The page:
Despite their wild cat appearance, Cheetoh cats are eight generations removed from their wild ancestors. These large cats are energetic, sociable individuals that get along well with everyone, human and animal.
12” to 18”
Brown, seal lynx point, sepia, mink, silver
Active households, attentive homes with children and pets
Intelligent, friendly, energetic, curious, social, affectionate
The breed makes a great companion pet because they are happy to spend their days lounging in your lap. The Cheetoh is a relatively new breed and weighs more than 20 pounds, making them one of the largest and rarest cat breeds in existence.
Cheetoh Cat Characteristics
Cheetoh kittens are rare and difficult to find. If you find one in a breeder, chances are that they will be on the expensive side. Finding a Cheetoh cat in a shelter seems like a challenging task, but you can always ask and you might be surprised.
Cheetoh cats tend to be very energetic and affectionate. Their energy levels and high intelligence make them easily trainable. Keep reading their full care guide to know what type of food, exercise, and grooming they need to grow into happy and healthy cats.
Temperament & Intelligence of the Cheetoh Cat
Cheetoh cats are high-energy, talkative felines. They are intelligent and require plenty of attention and mental stimulation. If you are adopting a Cheetoh cat, you should be prepared to fill your home with perches, scratching posts, climbing trees, and toys to keep this cat busy. Cheetohs need many outlets for their energy and opportunities to release it in a healthy manner.
While they’re active, Cheetohs are also sweet and gentle. They love to go for leash walks and can easily be trained to do all sorts of tricks.
Are These Cats Good for Families? 👪
Yes! Cheetoh cats make fantastic family pets, as long as someone is home most of the time or the cat has another pet as a companion. This breed doesn’t like to be alone, but they can form strong bonds with multiple family members.
Does This Breed Get Along With Other Pets?
Cheetohs get along great with other cats and dogs. Some have even been known to make friends with horses and other livestock.
Small animals, like guinea pigs, hamsters, and rabbits, should not be kept within reach of a Cheetoh cat. This breed is large and has a strong prey drive.
Things to Know When Owning a Cheetoh Cat
Food & Diet Requirements
Cheetoh cats don’t have any special dietary requirements. They do well on a high-quality cat food like any other breed. Their size, however, means they will require a higher volume of food to support their energy levels.
Cheetoh cats enjoy running, jumping, pouncing, and playing. They are high energy and require plenty of exercise. These kitties need to be kept active in order to avoid boredom and destructive behavior. This is not the right breed for you if you want a cat that is independent and doesn’t require much one-on-one attention.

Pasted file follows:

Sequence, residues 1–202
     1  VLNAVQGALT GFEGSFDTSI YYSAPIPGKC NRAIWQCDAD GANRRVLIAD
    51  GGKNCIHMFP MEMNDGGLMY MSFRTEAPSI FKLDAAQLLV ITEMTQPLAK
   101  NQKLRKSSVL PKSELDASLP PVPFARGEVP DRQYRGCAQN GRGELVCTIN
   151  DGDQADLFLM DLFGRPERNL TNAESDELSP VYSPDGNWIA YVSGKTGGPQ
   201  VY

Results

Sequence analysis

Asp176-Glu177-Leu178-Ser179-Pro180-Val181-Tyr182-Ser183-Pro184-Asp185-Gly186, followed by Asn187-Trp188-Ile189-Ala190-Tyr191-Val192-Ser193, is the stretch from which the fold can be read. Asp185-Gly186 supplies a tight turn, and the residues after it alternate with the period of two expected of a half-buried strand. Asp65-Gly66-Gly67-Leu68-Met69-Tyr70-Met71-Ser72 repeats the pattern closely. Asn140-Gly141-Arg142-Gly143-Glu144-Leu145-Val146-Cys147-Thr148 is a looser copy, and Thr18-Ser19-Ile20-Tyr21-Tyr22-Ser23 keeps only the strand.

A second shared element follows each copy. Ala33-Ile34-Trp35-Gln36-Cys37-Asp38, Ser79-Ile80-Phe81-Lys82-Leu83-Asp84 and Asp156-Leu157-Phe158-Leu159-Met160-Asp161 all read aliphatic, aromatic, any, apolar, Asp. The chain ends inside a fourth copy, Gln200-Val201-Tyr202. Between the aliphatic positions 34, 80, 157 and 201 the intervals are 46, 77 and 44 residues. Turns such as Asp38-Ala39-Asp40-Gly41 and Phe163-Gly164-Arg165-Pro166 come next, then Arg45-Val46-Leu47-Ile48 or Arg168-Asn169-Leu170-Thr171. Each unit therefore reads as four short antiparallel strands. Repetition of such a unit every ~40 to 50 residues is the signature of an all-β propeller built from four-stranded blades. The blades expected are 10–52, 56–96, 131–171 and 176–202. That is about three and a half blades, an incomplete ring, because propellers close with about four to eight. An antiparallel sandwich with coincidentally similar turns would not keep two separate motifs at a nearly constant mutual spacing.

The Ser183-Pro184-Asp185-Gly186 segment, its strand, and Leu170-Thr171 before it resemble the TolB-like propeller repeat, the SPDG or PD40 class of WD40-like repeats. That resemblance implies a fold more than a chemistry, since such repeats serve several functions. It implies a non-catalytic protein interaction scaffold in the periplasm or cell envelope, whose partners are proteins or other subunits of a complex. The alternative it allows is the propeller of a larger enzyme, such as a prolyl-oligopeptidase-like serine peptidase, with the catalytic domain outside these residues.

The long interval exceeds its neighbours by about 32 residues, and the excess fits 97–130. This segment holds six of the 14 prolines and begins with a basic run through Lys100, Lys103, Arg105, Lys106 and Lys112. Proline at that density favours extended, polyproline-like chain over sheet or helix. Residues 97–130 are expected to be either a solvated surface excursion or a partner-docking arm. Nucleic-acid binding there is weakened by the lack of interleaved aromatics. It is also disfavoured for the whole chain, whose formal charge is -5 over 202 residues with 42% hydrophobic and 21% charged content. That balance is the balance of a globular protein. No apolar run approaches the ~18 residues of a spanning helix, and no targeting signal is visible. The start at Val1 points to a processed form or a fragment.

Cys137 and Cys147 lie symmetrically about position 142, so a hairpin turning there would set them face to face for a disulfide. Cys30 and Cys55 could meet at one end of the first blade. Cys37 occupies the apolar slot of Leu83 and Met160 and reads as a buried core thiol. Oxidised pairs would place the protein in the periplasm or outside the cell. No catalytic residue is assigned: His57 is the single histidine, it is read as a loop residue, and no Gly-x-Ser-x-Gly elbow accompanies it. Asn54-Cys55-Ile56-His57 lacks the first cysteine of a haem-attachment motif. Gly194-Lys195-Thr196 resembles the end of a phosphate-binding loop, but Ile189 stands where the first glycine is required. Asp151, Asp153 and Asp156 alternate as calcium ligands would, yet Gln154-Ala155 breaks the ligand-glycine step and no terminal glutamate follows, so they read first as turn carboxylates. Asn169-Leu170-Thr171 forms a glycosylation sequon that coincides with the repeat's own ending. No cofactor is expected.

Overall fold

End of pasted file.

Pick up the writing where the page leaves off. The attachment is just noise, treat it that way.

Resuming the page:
If you’re looking for a cat that can be easily trained to do anything that you want, a Cheetoh is a great choice! The Cheetoh is one of the easiest feline breeds to train and is almost dog-like in their behavior. They can learn to walk on a leash or do tricks. Trick training is a fantastic way to enhance playtime and burn off extra energy.
Cheetohs are short-haired cats. While they do require regular brushing to keep their coat healthy, they don’t require as much grooming as long-haired cats. They do shed, but this can be kept to a minimum with daily brushing.
Overall, the Cheetoh cat is low maintenance with regard to grooming. They don’t need a strict grooming schedule and will be happy with a regular brushing.
Health and Conditions 🏥
There isn’t much health data for Cheetoh cats, as the breed is relatively new. But we can get an idea of what diseases the breed is prone to by looking at the Bengal and Ocicat parent breeds. Cheetoh cats intended for breeding should be tested for these genetic conditions to ensure that they don’t carry disease-causing genes.
Male vs. Female
Both male and female Cheetohs that are not fixed will exhibit typical behaviors associated with finding a mate. For males, this means roaming and marking behavior. Females can become irritable and demanding when they are in heat.
For Cheetohs that have been spayed and neutered, there are no noticeable behavior differences between the two sexes. The biggest difference is a physical one: Males are slightly larger in size than females and can weigh up to 25 pounds.
3 Little-Known Facts About the Cheetoh Cat
Cheetoh cats are social creatures that always like to be around others. They love both people and other pets, but they do not enjoy being left alone.
2. Cheetoh cats are descended from Bengal cats and Ocicats
Cheetohs were first bred in 2003 in an effort to create a wild-looking domestic cat. They have no wild blood but were bred by crossing an Ocicat with a Bengal. Interestingly, Cheetohs are larger than both of their parent breeds.
3. Cheetohs are considered an experimental breed
The United Feline Organization recognized the Cheetoh cat as a distinct breed in 2004. The International Cat Association, however, lists them as an experimental breed due to how new they are. Cheetoh cats are now found in Australia, New Zealand, the United States, and Canada.
Cheetoh cats are a rare, sought-after breed due to their endearing personalities and trainability. For potential owners who want an interactive feline, Cheetohs are a fantastic fit. They are expensive and difficult to find but relatively easy to care for. They have long lifespans and make loving companions. There is no doubt that owning a Cheetoh cat is a rewarding experience.
Featured Image Credit: Lux Blue, Shutterstock